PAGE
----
WASHINGTON — Even if Hillary Rodham Clinton's use of a private email server to conduct official business as secretary of state was not illegal, it violated Obama administration guidance and undermined his pledge of historic transparency.
Clinton's reliance on [email protected] for electronic communication as the nation's top diplomat ignited another political controversy for the presumptive Democratic presidential front-runner, who is no stranger to scandal. It was a puzzling and risky decision for a political figure who is vulnerable to criticism about trying to operate outside the rules.
Clinton has yet to explain why she took the unusual step of using her own server and eschewing a State Department email address. Her silence has left the White House that vowed to run the most open government in history in the awkward position of having to answer for her electronic secrecy.
For the second day in a row Wednesday, Clinton's emails dominated the White House press briefing. Press secretary Josh Earnest carefully avoided direct criticism of Clinton while making it clear that administration policy is for government emails to be used for official business.
"Very specific guidance has been given to agencies all across the government, which is specifically that employees of the Obama administration should use their official email accounts when they're conducting official government business," Earnest said. He added if there are occasions when personal email is used for government business, a copy should be sent to the government account so the message can be properly preserved for inquiries from the public, historians and Congress.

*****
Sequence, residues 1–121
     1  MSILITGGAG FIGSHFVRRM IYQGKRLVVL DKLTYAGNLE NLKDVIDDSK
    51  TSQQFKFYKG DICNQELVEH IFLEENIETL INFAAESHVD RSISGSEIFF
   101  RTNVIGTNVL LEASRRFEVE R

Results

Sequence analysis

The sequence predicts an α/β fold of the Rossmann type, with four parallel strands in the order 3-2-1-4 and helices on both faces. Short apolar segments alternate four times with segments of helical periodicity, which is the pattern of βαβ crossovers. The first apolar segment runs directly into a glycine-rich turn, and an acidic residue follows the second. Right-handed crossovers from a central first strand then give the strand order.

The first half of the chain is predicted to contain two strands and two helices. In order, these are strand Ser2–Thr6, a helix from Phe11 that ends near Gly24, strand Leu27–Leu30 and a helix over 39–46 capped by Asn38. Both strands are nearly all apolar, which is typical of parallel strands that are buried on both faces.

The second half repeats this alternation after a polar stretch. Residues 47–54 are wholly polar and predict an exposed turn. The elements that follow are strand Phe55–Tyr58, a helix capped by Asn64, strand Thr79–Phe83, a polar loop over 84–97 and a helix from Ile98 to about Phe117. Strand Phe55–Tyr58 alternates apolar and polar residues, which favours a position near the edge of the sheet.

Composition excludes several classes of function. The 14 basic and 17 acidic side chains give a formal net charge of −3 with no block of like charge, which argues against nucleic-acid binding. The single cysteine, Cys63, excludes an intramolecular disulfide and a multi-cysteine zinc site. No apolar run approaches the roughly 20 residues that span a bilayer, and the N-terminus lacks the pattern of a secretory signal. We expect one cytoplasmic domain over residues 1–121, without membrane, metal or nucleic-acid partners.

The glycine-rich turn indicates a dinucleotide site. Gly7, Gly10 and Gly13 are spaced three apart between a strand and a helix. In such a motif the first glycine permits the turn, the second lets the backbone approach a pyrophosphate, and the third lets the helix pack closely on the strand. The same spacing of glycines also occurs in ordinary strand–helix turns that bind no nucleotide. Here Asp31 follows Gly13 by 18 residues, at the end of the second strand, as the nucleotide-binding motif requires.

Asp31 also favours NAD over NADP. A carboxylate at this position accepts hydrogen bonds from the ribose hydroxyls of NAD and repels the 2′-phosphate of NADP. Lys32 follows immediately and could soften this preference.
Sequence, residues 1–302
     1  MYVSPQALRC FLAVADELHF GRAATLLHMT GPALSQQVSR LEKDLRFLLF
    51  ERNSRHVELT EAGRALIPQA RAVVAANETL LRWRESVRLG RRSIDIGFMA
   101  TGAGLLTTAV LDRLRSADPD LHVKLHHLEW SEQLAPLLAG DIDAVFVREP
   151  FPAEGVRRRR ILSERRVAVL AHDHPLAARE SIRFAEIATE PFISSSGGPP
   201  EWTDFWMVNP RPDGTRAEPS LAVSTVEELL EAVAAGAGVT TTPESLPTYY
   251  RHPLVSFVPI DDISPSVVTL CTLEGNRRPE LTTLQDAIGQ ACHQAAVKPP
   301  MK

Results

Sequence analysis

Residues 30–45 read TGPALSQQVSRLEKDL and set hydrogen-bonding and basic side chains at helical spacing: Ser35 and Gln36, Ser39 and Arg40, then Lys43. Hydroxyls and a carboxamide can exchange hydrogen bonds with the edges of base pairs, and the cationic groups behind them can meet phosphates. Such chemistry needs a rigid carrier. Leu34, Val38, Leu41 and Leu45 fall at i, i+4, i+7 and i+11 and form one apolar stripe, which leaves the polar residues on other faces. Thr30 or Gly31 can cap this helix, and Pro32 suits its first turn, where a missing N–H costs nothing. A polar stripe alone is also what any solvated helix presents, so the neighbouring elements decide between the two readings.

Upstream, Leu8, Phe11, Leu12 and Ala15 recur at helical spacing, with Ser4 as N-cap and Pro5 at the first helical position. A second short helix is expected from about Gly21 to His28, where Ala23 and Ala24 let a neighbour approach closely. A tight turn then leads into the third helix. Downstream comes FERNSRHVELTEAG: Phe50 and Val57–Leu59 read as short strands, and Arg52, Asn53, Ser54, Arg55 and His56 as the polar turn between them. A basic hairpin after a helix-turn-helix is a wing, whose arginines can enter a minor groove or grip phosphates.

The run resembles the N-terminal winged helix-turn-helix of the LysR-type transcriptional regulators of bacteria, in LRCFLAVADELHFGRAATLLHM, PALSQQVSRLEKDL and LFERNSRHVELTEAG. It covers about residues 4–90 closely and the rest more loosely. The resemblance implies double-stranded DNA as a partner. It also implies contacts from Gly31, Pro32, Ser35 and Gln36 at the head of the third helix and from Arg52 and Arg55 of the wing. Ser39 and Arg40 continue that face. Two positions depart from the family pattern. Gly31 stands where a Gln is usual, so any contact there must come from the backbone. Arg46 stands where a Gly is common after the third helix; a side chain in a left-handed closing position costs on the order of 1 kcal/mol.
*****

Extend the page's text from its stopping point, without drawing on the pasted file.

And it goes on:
Yet Clinton wasn't using personal email on occasion, but exclusively, the New York Times reported this week. The Associated Press found that a business record used for her email server registered under the home address for her residence in Chappaqua, New York, as early as August 2010 under the name Eric Hoteham. That name doesn't appear in public records databases, but Clinton once employed an aide named Eric Hothem, who was not available for comment Wednesday.
President Barack Obama didn't sign a law requiring archiving of emails from government officials until last year, after Clinton left office. But in 2011, when she was still secretary amid Google's revelations that China tapped email accounts of U.S. officials, the White House said government officials should use government email accounts for official business.
"The administration policy that is effective here is that we — all of our work is conducted on work email accounts," said then-press secretary Jay Carney.
Last year, Clinton provided the State Department 55,000 pages of emails after the department asked her and other former secretaries for records that should be preserved. Yet her advisers alone decided what would be turned over and should not, without any outside control or clarity on the process they used.
Earnest said "if in fact Secretary Clinton's team did what they say they did, and that is reviewed her email, collected all of her personal email that was related to her official government work and turned that over to the State Department so that they could properly preserve and maintain it, that would be consistent with the Federal Records Act. And that's the president's expectation."
Earnest also pointed out that the government runs a separate email system to exchange classified information, so classified information should never have been sent on an outside server.
Jerome Reisman, a New York-based attorney experienced in government ethics, said a private server gives the operator more control over their communications and makes it more difficult to subpoena electronic records as part of investigations. But he said the private server also has a greater chance of being exposed to hackers.
"This is not an issue necessarily of was it legal or was it illegal. It was wrong," Reisman said. "It is very important. It reflects on her character. It reflects on her role. It reflects on the model she serves to the rest of public employees."
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